Monday, September 15, 2008

Poem of the Day 09.15.08

this one will be in an upcoming issue of Re)Verb.

typical new york poem

i have been in new york too long now
and all i can write is the new york poem,
warm and artificial, suffocating, sun blocking,
claustrophobic, stuck-in-a-long-line, getting-on-the-wrong-train,
unexplainable to the rest of america
kind of poem.

the white people poem, the black people poem,
the hispanic people poem, the chinese poem,
the brooklyn poem, the bronx poem, the queens poem,
the diversity poem and all that other sensitive bullshit
that no one buys on the street anyway,
kind of poem.

if i were writing the sacramento poem
i’d mention the swamplands colored crimson in the sunlight,
the great split on i-80 that sends some east and some into
the insanity of capital city traffic,
old sacramento shining golden in dawn’s bloom, serenaded in
downtown traffic horns,
my neck still sore from craning it to catch
the last remnants of oakland and san francisco.
the lost bay poem.

if this were a psalm to salt lake city
i’d sing about the stench of the great salt lake misting in the horizon,
so dense and saline that nothing can survive in it.
i’d sing about barreling ninety miles an hour through the salt lake desert.
the hyundai rattling, its boosters bucking in the heat
the way it started doing back in california, back in the mojave desert,
or how ally’s arm hurt from the bird that dipped into it,
missing the windshield.
i’d wonder about the marxist we left sitting in a cheap bar,
and the bartender in his new era hat with manhattan splattered
across the front,
who wanted me to sing a new york poem.

and if this were a denver poem,
well, i’d have to mention standing on larimer street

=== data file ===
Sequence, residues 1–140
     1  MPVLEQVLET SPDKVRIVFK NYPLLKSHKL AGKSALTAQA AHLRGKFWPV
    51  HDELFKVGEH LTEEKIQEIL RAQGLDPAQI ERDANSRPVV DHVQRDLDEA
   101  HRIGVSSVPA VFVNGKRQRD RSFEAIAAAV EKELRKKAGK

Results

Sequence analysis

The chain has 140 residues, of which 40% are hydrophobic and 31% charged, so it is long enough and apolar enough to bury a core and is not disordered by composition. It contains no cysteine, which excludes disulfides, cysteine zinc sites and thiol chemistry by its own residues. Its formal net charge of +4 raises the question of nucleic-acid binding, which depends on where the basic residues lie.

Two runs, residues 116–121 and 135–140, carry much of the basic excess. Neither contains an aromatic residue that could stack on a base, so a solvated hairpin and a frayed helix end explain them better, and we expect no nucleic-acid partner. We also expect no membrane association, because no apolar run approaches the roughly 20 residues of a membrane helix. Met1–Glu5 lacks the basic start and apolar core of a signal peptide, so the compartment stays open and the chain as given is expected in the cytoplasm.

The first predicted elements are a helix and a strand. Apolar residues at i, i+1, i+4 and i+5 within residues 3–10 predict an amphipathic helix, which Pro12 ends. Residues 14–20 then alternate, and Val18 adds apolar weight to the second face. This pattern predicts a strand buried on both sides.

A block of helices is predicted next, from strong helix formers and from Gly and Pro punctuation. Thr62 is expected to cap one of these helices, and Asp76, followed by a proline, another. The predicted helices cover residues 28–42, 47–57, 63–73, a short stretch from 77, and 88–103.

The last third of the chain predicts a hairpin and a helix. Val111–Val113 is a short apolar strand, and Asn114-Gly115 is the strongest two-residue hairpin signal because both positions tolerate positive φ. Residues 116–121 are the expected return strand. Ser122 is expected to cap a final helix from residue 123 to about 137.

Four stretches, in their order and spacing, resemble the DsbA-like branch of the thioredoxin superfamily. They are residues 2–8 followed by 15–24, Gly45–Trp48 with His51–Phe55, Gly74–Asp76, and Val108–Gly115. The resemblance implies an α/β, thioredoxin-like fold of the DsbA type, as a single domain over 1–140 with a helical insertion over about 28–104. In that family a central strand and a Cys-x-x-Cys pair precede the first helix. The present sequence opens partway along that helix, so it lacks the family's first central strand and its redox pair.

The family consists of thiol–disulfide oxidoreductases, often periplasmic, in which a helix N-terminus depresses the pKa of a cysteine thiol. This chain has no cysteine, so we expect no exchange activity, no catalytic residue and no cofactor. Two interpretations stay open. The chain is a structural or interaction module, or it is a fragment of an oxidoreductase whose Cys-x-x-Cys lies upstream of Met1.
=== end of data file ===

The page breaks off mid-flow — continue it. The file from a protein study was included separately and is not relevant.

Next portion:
crying over neal cassady, wouldn’t i?
or the pink neon lights of el chapultepec on market,
where we ate mexican food on paper plates,
slathered in green chili sauce, which ran all over the table,
and stuck up our hands,
as the jukebox kept playing booker t. songs
as we kept drinking one-dollar drafts of coors until we were bloodshot
as the old mexican drunks laughed and laughed and laughed
at the great nothingness of stupid joy.

if this were a kansas city poem, shit, the stuff i could say
about desolation on a sunday night.
if this were a saint louis poem, i’d moan over mark twain driftwood
floating in the mississippi river.
if this were a chicago poem, we’d wander north clark again
in search of the real blues, getting drunk, howling, knowing
we’d never find it.
and if this were a pittsburgh poem...well...
then i’d be home again.
if only for a little while.

but all i can write is the new york poem
the paranoid, hold-your-bag-tight poem
the fall of the roman empire on 42nd street poem.
the must-see-tv poem.
the late show poem.
the media conglomerate poem.
the sad, lonely musing poem that is surrounded by everyone
but still huddles under a warm steam grate poem.
the shouting silent on a loud subway poem.
the typical american dream poem.
the same poem that i’ve been writing since
i got back to new york
and began writing the new york poem.

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